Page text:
Humans are born to be social. We’ve survived and thrived by connecting, sharing, and teaching. Drugs are also social in nature; they’re more fun when shared. It’s only natural that drug use would spread in college, when social connections are at peak importance.
Reading a book is an individual activity. A book is not easily shared, not social, sometimes difficult, and often not fun. Books, in many ways, go against our very nature. You can live a happy life after college without ever picking up a book.
And yet, very often the most successful people have also read the most books:
“In my whole life, I have known no wise people (over a broad subject matter area) who didn’t read all the time — none, zero.” ~ Charles Munger, billionaire investor
“I insist on a lot of time being spent, almost every day, to just sit and think. That is very uncommon in American business. I read and think. So I do more reading and thinking, and make less impulse decisions than most people in business. I do it because I like this kind of life.” ~ Warren Buffett, CEO of Berkshire Hathaway, and the fourth wealthiest person in the world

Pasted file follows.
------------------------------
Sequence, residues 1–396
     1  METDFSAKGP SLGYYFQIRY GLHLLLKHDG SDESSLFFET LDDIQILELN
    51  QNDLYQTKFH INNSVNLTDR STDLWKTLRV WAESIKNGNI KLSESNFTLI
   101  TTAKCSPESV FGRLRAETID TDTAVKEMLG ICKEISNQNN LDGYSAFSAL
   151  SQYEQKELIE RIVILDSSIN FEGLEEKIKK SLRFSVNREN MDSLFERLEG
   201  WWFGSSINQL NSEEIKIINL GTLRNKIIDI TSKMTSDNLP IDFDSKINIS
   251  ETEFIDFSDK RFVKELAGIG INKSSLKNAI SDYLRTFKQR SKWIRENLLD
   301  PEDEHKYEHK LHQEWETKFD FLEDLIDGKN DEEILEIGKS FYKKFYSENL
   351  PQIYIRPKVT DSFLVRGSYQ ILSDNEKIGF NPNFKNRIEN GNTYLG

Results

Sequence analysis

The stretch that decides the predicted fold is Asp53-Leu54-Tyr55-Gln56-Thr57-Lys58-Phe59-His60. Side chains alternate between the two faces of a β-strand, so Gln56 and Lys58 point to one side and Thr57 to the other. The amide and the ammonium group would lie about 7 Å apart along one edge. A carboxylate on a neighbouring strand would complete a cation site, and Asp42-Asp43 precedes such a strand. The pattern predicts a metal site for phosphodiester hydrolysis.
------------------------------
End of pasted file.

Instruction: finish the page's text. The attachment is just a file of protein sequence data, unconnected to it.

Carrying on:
“I did the reading.” ~ writer David Foster Wallace in response to how he got to be so smart
I just finished reading Kyle Winey’s Hackiversity: The Secrets to Achieving More by Doing Less in College. I wish I had it when I was in college. If you’re in college right now (or will be soon) I’ll send you my copy of the book, for free. Just send me an e-mail and tell me where to ship it: email@example.com.
If you don’t respond first, it’s only $10 on Amazon.